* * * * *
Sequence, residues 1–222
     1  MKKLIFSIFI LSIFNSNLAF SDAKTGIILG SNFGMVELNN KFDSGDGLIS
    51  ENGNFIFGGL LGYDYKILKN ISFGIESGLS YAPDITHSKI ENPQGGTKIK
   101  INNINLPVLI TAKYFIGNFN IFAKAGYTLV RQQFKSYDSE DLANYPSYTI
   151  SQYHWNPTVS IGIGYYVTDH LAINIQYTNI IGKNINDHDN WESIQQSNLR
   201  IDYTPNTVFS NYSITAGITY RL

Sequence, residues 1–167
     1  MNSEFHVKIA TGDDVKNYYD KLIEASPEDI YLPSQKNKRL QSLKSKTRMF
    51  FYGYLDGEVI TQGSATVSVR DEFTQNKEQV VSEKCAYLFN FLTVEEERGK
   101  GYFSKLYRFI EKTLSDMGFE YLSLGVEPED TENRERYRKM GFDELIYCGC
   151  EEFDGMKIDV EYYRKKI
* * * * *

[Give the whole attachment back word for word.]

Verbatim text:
Sequence, residues 1–222
     1  MKKLIFSIFI LSIFNSNLAF SDAKTGIILG SNFGMVELNN KFDSGDGLIS
    51  ENGNFIFGGL LGYDYKILKN ISFGIESGLS YAPDITHSKI ENPQGGTKIK
   101  INNINLPVLI TAKYFIGNFN IFAKAGYTLV RQQFKSYDSE DLANYPSYTI
   151  SQYHWNPTVS IGIGYYVTDH LAINIQYTNI IGKNINDHDN WESIQQSNLR
   201  IDYTPNTVFS NYSITAGITY RL

Sequence, residues 1–167
     1  MNSEFHVKIA TGDDVKNYYD KLIEASPEDI YLPSQKNKRL QSLKSKTRMF
    51  FYGYLDGEVI TQGSATVSVR DEFTQNKEQV VSEKCAYLFN FLTVEEERGK
   101  GYFSKLYRFI EKTLSDMGFE YLSLGVEPED TENRERYRKM GFDELIYCGC
   151  EEFDGMKIDV EYYRKKI